Saturday, 3 December 2011

Chef in Black Plays with his Food

What’s my idea of the ultimate eating experience at a restaurant? A chef given a free hand to cook the freshest ingredients available, in the best possible way, matched with the ideal glass of wine, in front of an appreciative table. It actually materialized a few nights ago.

There we were, six of us seated at the bar counter, as Chef Emmanuel Stroobant and his assistant whipped up a 15-course dinner in his so-called “playground”. But this was a culinary playground with a difference – there was no open-fire stove in this kitchen, instead a Miele steam oven stood off to the side. What others may see as a limitation or insurmountable challenge, Chef Emmanuel seemed to relish as he introduced one creative dish after another -- Japanese Tomato “fruit” with Parmesan gelation topped with Fleur de Sel, Japanese melon with Habujo, Salmon with Cep and Bacon…

The Oscietra Caviar, Egg Confit and Sour Dough were a match-made-in-heaven even for the jaded tongues at the table. This deceptively simple dish comes through in its complexity of flavors: the saltiness of world-class caviar, mixed with the slight sour taste of bread coated with a sous-vide cooked egg yolk.

Truffles were in season; and Chef Emmanuel teased our taste buds with white and black truffles in two separate creations -- Tartare of King Scallop with White Truffle, and Steamed Grenaille Potato with Black Truffle. With these two delicate creations, scallop and potato were like the supporting cast in a great movie, complementing the truffles with their quiet presence.
Traditionalists of French cooking would be surprised with the Sea Bass Bouillabaisse with Sea Urchin Crouton; the soup was delightfully light, and for a brief moment reminded me of miso soup. I could have done with a more generous dose of sea urchin on the crouton though. The Otoro, a couple of courses later, equally delighted me (how could Otoro ever fail to delight?). Skillfully sliced, torched, and baptized with wasabi oil, the fish was perfect!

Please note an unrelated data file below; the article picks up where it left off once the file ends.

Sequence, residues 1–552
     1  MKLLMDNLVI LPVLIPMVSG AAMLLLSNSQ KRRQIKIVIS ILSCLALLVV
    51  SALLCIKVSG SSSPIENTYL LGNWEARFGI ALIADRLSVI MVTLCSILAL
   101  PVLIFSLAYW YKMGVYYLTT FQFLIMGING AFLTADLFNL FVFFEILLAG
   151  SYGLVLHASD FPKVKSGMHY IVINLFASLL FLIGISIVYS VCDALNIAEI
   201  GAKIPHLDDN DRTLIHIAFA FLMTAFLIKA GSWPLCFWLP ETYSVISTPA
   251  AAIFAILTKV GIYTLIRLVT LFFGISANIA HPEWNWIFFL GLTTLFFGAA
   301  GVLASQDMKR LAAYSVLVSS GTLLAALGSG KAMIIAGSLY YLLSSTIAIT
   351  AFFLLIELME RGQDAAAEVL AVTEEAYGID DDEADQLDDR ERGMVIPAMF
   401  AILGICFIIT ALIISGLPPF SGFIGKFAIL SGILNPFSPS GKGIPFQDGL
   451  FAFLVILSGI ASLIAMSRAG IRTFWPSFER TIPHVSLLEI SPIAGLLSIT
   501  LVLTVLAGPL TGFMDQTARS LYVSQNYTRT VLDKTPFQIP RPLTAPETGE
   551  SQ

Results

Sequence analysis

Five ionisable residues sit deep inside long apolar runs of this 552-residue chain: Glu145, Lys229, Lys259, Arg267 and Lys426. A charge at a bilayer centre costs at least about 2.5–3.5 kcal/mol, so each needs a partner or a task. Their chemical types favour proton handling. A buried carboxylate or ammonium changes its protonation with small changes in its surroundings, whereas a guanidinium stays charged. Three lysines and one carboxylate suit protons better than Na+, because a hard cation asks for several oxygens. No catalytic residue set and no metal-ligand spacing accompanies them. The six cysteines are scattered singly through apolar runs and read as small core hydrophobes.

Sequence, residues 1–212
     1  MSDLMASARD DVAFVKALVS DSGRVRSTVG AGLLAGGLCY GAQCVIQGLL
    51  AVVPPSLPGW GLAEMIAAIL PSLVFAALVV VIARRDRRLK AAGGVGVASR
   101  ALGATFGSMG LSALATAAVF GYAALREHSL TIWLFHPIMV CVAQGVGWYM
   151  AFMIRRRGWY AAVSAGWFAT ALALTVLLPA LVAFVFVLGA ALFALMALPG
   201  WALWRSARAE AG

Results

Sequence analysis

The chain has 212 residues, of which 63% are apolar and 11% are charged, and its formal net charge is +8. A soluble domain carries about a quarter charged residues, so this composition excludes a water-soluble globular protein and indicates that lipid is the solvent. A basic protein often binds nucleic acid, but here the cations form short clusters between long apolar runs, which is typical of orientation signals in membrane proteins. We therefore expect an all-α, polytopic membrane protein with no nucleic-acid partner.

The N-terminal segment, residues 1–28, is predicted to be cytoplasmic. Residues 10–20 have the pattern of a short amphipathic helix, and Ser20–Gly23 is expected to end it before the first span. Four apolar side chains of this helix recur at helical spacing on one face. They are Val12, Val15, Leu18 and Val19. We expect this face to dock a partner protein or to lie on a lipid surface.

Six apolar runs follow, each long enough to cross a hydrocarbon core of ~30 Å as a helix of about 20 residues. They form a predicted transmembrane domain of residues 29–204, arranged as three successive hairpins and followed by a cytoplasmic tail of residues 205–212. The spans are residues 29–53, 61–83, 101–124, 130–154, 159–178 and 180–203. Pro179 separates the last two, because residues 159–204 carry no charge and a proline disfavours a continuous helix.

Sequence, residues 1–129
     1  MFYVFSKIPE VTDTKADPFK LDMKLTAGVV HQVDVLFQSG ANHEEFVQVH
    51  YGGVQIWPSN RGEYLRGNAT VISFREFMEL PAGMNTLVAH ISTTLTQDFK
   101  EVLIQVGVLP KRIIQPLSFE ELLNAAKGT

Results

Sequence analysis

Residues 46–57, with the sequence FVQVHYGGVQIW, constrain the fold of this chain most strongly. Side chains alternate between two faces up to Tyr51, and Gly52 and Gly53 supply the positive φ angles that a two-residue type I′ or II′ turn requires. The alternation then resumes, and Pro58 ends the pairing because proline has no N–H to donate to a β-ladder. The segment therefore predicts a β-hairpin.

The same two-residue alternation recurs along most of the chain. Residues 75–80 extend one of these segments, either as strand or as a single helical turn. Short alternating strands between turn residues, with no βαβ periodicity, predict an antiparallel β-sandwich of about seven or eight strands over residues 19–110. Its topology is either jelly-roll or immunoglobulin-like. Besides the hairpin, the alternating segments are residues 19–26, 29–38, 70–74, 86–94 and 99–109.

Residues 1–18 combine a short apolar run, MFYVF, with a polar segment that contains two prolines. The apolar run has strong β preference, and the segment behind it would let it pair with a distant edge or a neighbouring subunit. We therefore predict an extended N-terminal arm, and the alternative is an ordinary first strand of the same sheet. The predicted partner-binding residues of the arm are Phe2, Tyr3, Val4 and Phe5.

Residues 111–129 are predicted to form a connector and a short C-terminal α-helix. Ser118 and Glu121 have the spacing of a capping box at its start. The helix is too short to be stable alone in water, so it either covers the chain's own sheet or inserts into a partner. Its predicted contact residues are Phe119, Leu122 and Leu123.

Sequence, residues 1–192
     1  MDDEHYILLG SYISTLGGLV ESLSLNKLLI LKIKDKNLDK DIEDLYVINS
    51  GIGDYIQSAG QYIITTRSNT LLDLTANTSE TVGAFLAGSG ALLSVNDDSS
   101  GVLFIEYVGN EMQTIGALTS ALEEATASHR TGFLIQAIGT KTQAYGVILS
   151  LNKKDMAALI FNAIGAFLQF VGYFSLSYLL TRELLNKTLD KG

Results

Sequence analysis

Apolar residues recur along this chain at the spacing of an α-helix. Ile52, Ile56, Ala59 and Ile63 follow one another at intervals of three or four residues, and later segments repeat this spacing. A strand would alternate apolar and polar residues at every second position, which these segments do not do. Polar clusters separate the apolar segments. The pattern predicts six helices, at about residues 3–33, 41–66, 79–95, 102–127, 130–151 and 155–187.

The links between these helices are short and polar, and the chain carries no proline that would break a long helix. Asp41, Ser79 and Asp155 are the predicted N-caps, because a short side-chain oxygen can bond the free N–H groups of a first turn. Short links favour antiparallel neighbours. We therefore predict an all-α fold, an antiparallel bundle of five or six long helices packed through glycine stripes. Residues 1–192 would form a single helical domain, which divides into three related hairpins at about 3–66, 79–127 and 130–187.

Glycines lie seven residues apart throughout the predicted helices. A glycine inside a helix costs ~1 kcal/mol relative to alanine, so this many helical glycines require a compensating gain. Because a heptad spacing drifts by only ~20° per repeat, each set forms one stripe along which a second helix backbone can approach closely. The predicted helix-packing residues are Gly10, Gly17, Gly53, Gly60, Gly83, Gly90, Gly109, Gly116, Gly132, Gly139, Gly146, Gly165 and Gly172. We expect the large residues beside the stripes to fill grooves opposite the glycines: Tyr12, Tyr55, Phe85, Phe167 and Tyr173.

There seems to be two opposing camps to the question of sous-vide cooking; I happen to belong to the skeptics. But Chef Emmanuel, who firmly affirms that this slow-cooking method is here to stay, very nearly converted me! He had dry aged Angus beef tenderloin and confit prepared at 54°C for three hours, yielding a blood red slice of meat, which he assured us, was well-cooked. My verdict? The full flavour of beef came across bloody strong (pardon the term) through the butter, shallot, and herbs. Whopping shiok!

The evening was buoyant and freewheeling, and quips flew between chef and guests. Everyone was cajoled into declaring likes and preferences, and even what we would like to see for the next course. But unanimously – and wisely, I might add -- we insisted on putting ourselves in Chef Emmanuel’s good hands.

Perhaps I was really full by the time dessert arrived, by they didn’t deliver the punch I was expecting. The flash-frozen Vietnamese Mint “After Eight” was a good break from the savoury dishes that went before it, but I felt the Gelatin-coated Fig was slightly overpowered by the saffron.

Admittedly, there were triumphs and near misses, but in all, it was a performance that lived up to its promise of playful creativity. We witnessed a chef at the height of his powers, trusting his instincts to make bold choices, and inventing in an almost improvisational manner. Exhilarating and memorable.

Limited to a party of 6 persons; priced at nine-course dinner at $250++ per person, 12-course at $350++ and 15-course at $450++ per person. Reservation is required.

Saint Pierre
#01-01 Central Mall
3 Magazine Road
Singapore 059570